I had a chance to see one of Jason Reitman's Live Reads in which he recast the film with new actors and had them read Hughes' original script on stage. While it was a lot of fun to watch, it gave me a newfound respect for the way Hughes and his editor trimmed down the screenplay to its essential components and created a much better movie in the process.

The Fellowship of the Ring

5. The Lord of the Rings: The Fellowship of the Ring

Peter Jackson's The Fellowship of the Ring is nothing short of a cinematic miracle. It's insanely rare that every single detail of a movie – from big things like casting and cinematography down to the tiniest piece of costuming or carving in a prop – works as perfectly to build a fictional world as they do here. The sheer amount of effort and artistry that went into making this is truly mind-boggling, and Howard Shore's score is downright legendary. The breathtaking landscapes and jaw-dropping scenery of Jackson's native New Zealand provided the perfect setting for Middle-earth, and when my wife and I visited the country last year (almost entirely because of our love of this series), we found it to be just as awe-inspiring in person as it appears on the screen.

The Big Sleep

4. The Big Sleep

After falling hard for Rian Johnson's Brick in 2005, I went on a huge film noir kick and watched as many as I could get my hands on. Howard Hawks' The Big Sleep ended up being my favorite, and it's stuck with me ever since. In many ways, this is the prototypical noir: hard-boiled detective, double-crosses, small-time crooks, organized crime syndicates – the works, baby. Sure, it's next to impossible to fully comprehend its labyrinthine plot, but for me, this one has always been more about luxuriating in the smoky atmosphere, charged dialogue, and electric chemistry between two of the genre's icons, Humphrey Bogart and Lauren Bacall.


3. Tombstone

I'm a big fan of westerns, and I realize Tombstone is heavily influenced by a lot of what came before it in that genre. But for my money, there's nothing better than Kurt Russell, Sam Elliott, and Bill Paxton as the Earp brothers facing off against an absolutely stacked supporting cast that includes Powers Boothe, Michael Biehn, and Stephen Lang, just to name a few. The whole cast is dynamite – especially Val Kilmer, doing career-best work as the fast-talking, quick-drawing Doc Holliday. There's family drama, action scenes galore, and it isn't quite the clear-cut story of white hats vs. black hats it seems, either. Russell's Wyatt Earp is far from a saint, but there's a moral righteousness to his actions that allow us to easily side with him. This is one of those movies I always stop to watch whenever I come across it on cable, even though I own the Blu-ray and have already seen it countless times.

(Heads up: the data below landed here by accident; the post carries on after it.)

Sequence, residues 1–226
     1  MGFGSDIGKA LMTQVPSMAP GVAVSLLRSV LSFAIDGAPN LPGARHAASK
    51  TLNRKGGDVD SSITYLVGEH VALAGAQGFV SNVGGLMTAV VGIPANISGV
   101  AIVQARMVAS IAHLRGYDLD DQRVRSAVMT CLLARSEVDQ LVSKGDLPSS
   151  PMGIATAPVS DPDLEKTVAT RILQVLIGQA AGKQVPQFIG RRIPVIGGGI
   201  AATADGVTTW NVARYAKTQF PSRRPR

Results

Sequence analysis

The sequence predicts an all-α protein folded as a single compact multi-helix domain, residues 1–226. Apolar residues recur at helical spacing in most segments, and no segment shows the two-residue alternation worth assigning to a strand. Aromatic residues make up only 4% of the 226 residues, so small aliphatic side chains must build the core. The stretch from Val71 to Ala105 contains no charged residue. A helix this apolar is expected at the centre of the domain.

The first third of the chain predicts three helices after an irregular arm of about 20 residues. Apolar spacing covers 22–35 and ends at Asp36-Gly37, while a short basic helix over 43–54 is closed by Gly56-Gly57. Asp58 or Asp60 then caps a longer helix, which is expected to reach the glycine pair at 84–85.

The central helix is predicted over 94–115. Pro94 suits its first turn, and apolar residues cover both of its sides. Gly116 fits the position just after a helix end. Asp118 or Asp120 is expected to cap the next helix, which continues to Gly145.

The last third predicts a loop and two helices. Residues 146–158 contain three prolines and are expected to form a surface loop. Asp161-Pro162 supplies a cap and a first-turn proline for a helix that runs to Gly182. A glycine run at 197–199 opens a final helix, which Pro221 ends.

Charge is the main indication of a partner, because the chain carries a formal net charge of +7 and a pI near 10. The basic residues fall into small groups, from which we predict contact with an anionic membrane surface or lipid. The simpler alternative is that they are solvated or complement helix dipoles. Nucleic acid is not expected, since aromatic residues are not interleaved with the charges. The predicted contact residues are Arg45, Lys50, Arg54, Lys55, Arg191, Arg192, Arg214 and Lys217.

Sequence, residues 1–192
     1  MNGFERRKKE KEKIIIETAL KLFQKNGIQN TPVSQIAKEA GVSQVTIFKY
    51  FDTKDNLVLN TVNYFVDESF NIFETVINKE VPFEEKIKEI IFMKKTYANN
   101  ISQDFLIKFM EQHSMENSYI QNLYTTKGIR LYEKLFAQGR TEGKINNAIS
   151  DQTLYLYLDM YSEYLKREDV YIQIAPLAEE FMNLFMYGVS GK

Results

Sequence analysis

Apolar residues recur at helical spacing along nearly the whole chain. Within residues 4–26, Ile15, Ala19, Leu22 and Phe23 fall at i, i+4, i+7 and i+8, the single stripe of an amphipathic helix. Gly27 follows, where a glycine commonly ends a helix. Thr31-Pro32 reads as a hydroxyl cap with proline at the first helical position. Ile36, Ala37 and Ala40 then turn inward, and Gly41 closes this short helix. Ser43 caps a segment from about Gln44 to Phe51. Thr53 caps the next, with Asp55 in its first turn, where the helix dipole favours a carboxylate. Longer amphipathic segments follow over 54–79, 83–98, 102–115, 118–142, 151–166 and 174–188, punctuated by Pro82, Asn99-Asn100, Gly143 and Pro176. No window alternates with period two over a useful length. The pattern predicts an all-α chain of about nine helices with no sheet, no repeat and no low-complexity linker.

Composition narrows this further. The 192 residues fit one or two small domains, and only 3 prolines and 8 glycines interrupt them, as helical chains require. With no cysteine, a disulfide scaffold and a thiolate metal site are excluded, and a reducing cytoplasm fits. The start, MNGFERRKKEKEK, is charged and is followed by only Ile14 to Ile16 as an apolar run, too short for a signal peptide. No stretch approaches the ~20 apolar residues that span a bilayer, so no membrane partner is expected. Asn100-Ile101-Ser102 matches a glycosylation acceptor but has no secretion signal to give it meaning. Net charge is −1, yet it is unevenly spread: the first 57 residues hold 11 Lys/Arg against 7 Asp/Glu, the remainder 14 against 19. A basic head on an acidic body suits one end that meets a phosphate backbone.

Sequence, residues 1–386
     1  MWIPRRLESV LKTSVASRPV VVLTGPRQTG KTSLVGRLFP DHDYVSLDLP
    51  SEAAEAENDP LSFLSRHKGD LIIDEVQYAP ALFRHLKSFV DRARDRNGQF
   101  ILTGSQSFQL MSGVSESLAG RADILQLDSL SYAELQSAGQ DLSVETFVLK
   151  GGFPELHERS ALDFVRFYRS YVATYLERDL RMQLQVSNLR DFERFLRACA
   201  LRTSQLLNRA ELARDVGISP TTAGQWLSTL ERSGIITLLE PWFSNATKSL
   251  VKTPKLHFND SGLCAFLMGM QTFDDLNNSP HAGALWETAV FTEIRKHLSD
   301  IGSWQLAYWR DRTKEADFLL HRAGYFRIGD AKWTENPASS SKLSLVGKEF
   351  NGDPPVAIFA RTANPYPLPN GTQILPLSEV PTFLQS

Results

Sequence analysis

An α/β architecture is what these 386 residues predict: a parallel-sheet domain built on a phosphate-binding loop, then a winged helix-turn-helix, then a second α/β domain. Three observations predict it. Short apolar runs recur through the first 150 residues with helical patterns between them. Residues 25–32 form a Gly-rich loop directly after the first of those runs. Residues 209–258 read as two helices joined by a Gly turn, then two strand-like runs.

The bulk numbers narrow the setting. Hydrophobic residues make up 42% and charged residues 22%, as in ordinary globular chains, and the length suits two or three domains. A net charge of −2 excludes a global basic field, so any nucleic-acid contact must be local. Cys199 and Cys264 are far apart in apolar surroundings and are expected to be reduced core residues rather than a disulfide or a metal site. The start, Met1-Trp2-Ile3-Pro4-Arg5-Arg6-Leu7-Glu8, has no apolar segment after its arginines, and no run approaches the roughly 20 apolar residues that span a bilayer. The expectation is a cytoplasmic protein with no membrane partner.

Back to the Future

2. Back to the Future

I wonder if anyone has ever watched Back to the Future and, as the DeLorean blasts past the screen and Huey Lewis starts playing over the end credits, thought, "Well, that was a waste of two hours." Seems impossible, doesn't it? That's because Robert Zemeckis and Bob Gale's time-travel comedy is maybe the best example of pure pop entertainment ever made – a riveting, hilarious film that beautifully pays off every one of its perfectly-placed set-ups and actually makes you think a little bit along the way. It's so damn satisfying to watch Michael J. Fox's Marty McFly team up with the inimitable Doc Brown (Christopher Lloyd, in an utterly titanic performance) to get his parents together, correct the timeline, and return to 1985. It captured the imagination of a generation, and like many of you, I know every nook and cranny of this movie after spending a lifetime watching it. Even the burst of borderline-excessive coverage about the franchise back in 2015 couldn't ruin this one for me; Back to the Future has proven it can, and will, stand the test of time (I'm so sorry).

steven spielberg ranked last crusade

1. Indiana Jones and the Last Crusade

The Indiana Jones movies are my Star Wars. While childhood friends were running around pretending to be Luke and Han, I was donning an imaginary fedora, cracking a fake whip, and searching for secret artifacts. It's always a toss-up for me between Raiders of the Lost Ark and Indiana Jones and the Last Crusade for my favorite Indy movie, but today, I'm choosing the latter. The chemistry between Harrison Ford and Sean Connery is wonderful (and plays right into Steven Spielberg's long-standing exploration of characters with daddy issues on the big screen), the adventure is genuinely thrilling, and John Williams' score is top notch. Not to mention the fact that the movie contains, in its opening few minutes in which River Phoenix plays a young Indy, the best prequel/origin story ever conceived. If only that ending, in which Indy, Dr. Jones Sr., Sallah, and Marcus Brody ride off into the sunset would have remained the final image from this franchise...oh well. Even after the disaster that was The Sequel Of Which We Do Not Speak, I'm still excited about seeing how the series evolves in 2019 and beyond.